ALA President Leslie Burger visits the University at Buffalo November 11, 2006Posted by jennimi in library.
I had the pleasure of attending an address by ALA President Leslie Burger yesterday at the University at Buffalo. The event was sponsored by the ALA student chapter and had been rescheduled due to the October Storm. Ms. Burger was soft-spoken, but direct, intelligent, and a passionate advocate for libraries and equally importantly, PATRONS. I took three pages of notes but will just give a few highlights here. I especially liked her story about keeping her library open late while election results came in as an example of how libraries build community. Sure we can all watch from home, but for certain things we want to be in the company of others. Even at ASIS&T during one of the large get togethers our new friend set up his laptop for us as “impromptu election info kiosk”. Ah librarians… but I digress.
Ms. Burger’s presidential initiative has been “Be a Transformative Librarian”. As a blogger, tagger, tech enthusiast and all around smiling social type, much of what she said was a no brainer for me. However, I was thrilled to hear an ALA President talk about how exciting emerging trends in technology and information science are, rather than knock them (see: “Revenge of the Blog People” by Michael Gorman, Library Journal, Feb. 15, 2005.). It was also nice to juxtapose these ideas with the good ole fashioned ones, like “playing well together” and being a “library cheerleader”. In my view the social connectivity of these technologies can and does bring up important issues to be explored, but, for example, responding to comments someone makes on your blog (because they took the time to visit you, read you, and post) is one modern day version of smiling at someone at the reference desk, or responding to a suggestion they placed in a comment box. This stuff is here to stay, and whether people are connecting socially via chat rooms, IM, blogs, flickr accounts, specific sites such as Facebook, Burger is right to ask what role libraries can have in embracing these technologies to welcome our “tech savvy” patrons.
I was equally thrilled to hear Burger advocate for administrators to support enthusiasm and passion, and forward-thinking young next-gen librarians. At least I think I heard that. I can think of a couple directors I wish I had seen there. (Not speaking about my current one here… :) If there’s one thing I have learned working in Technical Services it’s don’t assume ANYTHING about people who work in technical services.) Below, my summary of Leslie Burger’s 10 Tips for Librarians. I had read these around the liblogosphere for awhile, but it was inspiring to hear her go through them all in person. Bravo!
10 Tips for Librarians:
- Be passionate! Be a cheerleader for libraries!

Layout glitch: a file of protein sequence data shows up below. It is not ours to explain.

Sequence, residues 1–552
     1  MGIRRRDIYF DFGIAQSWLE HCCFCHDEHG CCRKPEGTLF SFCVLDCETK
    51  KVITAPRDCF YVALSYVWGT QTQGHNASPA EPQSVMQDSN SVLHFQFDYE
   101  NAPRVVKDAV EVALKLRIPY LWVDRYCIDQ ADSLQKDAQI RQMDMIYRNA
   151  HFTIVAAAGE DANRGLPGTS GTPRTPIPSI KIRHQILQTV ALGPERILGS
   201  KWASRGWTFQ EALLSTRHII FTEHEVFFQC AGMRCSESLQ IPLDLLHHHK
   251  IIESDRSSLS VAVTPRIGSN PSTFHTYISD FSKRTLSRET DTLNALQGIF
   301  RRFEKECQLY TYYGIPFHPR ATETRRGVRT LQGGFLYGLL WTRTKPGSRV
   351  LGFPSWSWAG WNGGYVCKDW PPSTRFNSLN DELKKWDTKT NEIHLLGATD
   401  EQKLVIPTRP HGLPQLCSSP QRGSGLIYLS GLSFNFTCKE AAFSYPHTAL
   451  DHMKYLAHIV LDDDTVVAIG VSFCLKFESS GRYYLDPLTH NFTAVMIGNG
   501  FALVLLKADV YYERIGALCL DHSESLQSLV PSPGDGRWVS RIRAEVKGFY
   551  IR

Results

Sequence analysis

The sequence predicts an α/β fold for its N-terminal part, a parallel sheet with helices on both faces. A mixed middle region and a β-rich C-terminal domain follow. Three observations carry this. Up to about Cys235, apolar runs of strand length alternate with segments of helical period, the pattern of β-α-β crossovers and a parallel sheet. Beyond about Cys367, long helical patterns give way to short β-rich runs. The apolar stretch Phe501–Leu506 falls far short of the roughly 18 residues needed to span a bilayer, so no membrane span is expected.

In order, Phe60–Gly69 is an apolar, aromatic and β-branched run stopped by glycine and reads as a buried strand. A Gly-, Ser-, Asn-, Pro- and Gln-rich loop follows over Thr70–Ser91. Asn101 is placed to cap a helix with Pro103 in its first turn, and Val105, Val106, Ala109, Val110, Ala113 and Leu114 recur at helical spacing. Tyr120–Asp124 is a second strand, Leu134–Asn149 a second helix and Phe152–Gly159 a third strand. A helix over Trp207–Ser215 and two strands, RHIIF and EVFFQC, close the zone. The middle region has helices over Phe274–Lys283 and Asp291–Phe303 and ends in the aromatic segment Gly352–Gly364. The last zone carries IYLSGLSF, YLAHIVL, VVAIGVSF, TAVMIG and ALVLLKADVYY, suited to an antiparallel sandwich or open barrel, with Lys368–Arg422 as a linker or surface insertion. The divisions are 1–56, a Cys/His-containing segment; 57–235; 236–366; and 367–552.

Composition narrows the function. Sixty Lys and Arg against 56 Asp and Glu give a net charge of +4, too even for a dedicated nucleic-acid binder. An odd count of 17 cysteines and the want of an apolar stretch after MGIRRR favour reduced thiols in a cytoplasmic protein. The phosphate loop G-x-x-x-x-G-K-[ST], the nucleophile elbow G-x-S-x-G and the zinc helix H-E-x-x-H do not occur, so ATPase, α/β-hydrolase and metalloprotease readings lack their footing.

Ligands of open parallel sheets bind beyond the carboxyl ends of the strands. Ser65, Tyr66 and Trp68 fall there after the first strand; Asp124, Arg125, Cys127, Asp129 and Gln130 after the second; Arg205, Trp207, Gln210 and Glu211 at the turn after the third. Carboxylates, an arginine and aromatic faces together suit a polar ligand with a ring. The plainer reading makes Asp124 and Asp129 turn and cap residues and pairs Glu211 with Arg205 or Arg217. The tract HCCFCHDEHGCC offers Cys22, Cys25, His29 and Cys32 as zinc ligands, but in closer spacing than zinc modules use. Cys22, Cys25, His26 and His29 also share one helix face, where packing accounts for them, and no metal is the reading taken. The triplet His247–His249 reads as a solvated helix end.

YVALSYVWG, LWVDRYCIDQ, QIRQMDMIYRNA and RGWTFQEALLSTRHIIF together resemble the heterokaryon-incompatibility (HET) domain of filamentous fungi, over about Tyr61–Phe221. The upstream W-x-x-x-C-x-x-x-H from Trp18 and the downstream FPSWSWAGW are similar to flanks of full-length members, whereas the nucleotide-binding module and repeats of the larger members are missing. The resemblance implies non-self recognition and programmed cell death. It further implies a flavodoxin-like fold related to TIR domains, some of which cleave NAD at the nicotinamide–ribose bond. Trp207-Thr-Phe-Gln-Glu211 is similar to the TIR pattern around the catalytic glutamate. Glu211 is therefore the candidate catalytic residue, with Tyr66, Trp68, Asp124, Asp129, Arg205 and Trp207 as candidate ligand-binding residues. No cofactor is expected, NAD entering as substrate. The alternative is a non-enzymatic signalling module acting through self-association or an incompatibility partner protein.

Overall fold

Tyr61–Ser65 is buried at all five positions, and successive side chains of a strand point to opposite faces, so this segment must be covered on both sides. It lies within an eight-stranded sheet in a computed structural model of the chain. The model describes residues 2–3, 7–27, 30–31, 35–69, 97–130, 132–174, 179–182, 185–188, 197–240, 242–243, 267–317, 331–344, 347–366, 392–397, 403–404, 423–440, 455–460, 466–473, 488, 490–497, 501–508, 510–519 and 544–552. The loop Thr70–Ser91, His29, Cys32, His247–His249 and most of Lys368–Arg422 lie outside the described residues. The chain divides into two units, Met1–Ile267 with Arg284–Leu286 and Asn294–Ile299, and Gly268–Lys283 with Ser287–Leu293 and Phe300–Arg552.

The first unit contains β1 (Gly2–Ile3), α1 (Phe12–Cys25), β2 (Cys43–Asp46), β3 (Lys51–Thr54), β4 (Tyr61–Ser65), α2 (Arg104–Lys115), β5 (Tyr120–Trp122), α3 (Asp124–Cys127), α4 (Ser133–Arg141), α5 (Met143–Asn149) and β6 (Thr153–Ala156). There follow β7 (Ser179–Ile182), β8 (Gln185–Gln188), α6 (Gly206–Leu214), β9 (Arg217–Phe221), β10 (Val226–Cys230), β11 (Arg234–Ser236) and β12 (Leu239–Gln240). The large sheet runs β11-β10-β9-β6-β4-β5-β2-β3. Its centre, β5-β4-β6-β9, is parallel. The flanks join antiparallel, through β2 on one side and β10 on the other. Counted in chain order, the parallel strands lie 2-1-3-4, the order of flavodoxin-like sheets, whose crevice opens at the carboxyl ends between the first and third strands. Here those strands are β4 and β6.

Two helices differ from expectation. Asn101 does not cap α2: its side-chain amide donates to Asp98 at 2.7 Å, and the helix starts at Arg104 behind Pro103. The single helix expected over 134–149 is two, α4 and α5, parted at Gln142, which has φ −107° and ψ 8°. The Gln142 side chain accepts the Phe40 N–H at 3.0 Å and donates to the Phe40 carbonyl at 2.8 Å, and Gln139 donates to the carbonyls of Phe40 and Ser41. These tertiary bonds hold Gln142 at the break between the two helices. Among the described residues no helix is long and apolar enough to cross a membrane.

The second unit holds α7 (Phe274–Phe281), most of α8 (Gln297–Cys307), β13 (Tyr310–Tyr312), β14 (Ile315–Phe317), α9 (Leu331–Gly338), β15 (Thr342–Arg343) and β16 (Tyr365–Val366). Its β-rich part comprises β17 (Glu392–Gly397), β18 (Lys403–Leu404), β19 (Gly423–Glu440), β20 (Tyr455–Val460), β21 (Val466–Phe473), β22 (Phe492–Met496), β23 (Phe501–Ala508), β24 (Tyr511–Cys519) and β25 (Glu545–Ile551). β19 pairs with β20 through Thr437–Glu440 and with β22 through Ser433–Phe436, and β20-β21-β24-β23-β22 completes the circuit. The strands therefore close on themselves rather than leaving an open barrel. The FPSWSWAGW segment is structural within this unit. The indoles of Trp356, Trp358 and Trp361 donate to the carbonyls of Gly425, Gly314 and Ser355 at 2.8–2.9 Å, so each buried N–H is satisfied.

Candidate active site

- Think “all community all the time”
- Walk on the wild side (take risks) – challenge the status quo, ask why? give someone in your organization the title of Chief Innovator (how do we apply?? Mark, you in?)
- “400,000 smiling faces”. Hire for attitude as well as skills
- Develop leadership at every level – it’s everybody’s job (not just Provost, Dean, Chair, but everybody!)
- Become an activist
- Embrace change – change is the one thing in life that’s constant
- Invest in the basics (2nd most important according to Ms. Burger) – need GREAT websites, catalogs that make sense – that look like how people want them to look! Need buildings that work!!!!! Patrons can go to Barnes and Noble and have coffee, why not the library? Need great collections, need funding that matters! can’t allow ourselves to be victimized by our vendors anymore
- Play well together – collaborate – involve all key stake holders – this takes a lot of work
- “Keep everlastingly at it” (John Cotton Dana)
During the question session I asked what Ms. Burger planned on discussing in her following meeting with Provost Tripathi and Interim Dean Lucinda Finley. Would she be presenting her presidential initiative? She stated that her talking points would be more specific. 1. She would advocate for the library school at University at Buffalo to have a prominent place in the University. 2. She would clarify the ALA accreditation process as an opportunity for the program to strive for excellence, and not a punitive measure.
Kudos to the students who worked so hard to make this happen. One comment I heard from some folks afterward is that a few people left because they couldn’t hear Ms. Burger. Wonder if this room is equipped with a mic or if someone could have gone out to find one? Luckily, our colleague Jim Milles, of Check this Out, recorded the talk for his podcast series. Hopefully it came out well, and I will certainly post an update with the link when it goes online.
update, November 13, 2006: Turns out Jim’s recording for the podcast didn’t work out. Ah well, thanks for trying Jim. I’m glad I attended and blogged it, oh and photographed it. Hopefully, folks will share their impressions and notes with those who couldn’t be there.